Access to Information About Stuttering and Societal Knowledge of Stuttering The purpose of this study was to examine societal knowledge of stuttering, access to information sources, and the influence of information sources on knowledge of stuttering. 185 participants from Northwest Ohio were surveyed. Results of the study indicated that the general public varies in their knowledge of stuttering and that ... Article
Article  |   August 2010
Access to Information About Stuttering and Societal Knowledge of Stuttering
Author Affiliations & Notes
  • Rodney Gabel
    Department of Communication Sciences and Disorders, Bowling Green State University, Bowling Green. OH
  • Tim Brackenbury
    Department of Communication Sciences and Disorders, Bowling Green State University, Bowling Green. OH
  • Farzan Irani
    Department of Communication Disorders, Texas State University-San Marcos, San Marcos, TX
  • © 2010 American Speech-Language-Hearing AssociationAmerican Speech-Language-Hearing Association
Article Information
Speech, Voice & Prosodic Disorders / Fluency Disorders
Article   |   August 2010
Access to Information About Stuttering and Societal Knowledge of Stuttering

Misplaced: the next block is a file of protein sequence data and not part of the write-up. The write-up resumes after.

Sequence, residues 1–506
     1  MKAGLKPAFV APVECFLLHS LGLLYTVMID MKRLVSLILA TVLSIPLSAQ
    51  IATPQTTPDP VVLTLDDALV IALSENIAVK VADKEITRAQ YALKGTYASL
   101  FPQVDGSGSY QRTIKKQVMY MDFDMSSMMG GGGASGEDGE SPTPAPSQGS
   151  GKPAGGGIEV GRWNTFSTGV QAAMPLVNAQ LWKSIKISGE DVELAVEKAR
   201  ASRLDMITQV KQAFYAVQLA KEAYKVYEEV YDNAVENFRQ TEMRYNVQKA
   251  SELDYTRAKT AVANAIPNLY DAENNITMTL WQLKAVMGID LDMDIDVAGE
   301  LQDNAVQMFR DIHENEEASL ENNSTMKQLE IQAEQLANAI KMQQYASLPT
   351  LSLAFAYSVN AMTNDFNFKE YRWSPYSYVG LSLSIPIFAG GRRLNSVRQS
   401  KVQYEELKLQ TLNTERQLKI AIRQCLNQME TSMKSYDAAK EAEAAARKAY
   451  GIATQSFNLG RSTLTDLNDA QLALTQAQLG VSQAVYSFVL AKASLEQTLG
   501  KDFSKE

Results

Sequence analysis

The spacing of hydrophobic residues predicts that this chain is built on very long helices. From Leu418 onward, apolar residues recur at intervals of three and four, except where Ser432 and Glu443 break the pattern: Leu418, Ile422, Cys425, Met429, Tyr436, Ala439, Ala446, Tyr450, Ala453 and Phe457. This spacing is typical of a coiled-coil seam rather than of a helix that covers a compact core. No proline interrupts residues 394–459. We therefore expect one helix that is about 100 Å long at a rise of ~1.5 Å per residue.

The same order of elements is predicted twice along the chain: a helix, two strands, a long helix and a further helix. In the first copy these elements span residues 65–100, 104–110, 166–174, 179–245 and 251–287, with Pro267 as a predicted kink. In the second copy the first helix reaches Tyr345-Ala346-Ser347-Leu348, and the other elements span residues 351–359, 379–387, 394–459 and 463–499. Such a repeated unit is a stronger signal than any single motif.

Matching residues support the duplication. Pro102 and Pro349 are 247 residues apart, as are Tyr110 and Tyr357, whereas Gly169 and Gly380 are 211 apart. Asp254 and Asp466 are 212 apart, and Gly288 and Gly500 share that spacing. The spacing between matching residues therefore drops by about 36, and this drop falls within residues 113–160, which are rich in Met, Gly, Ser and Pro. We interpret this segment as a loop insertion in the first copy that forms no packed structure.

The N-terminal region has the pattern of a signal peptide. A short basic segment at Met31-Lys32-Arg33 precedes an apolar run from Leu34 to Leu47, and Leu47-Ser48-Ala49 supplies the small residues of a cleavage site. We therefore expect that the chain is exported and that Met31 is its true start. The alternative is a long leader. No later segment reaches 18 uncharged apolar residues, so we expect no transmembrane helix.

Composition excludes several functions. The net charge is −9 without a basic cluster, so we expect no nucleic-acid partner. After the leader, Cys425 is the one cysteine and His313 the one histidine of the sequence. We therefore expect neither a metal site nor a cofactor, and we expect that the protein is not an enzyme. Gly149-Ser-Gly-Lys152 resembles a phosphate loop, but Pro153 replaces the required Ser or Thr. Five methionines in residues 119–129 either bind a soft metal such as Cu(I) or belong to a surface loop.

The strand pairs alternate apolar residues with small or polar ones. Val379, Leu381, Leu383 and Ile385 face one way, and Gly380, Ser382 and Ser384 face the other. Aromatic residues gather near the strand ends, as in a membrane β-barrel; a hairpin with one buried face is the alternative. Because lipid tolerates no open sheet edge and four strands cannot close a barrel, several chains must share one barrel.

SIG 4 Perspectives on Fluency and Fluency Disorders, August 2010, Vol. 20, 51-57. doi:10.1044/ffd20.2.51
SIG 4 Perspectives on Fluency and Fluency Disorders, August 2010, Vol. 20, 51-57. doi:10.1044/ffd20.2.51

The purpose of this study was to examine societal knowledge of stuttering, access to information sources, and the influence of information sources on knowledge of stuttering. 185 participants from Northwest Ohio were surveyed. Results of the study indicated that the general public varies in their knowledge of stuttering and that majority of participants had not accessed information about stuttering, and the few who had, did so a long time ago. Finally, access to information sources had little influence on knowledge of stuttering. Implications for future research are discussed.

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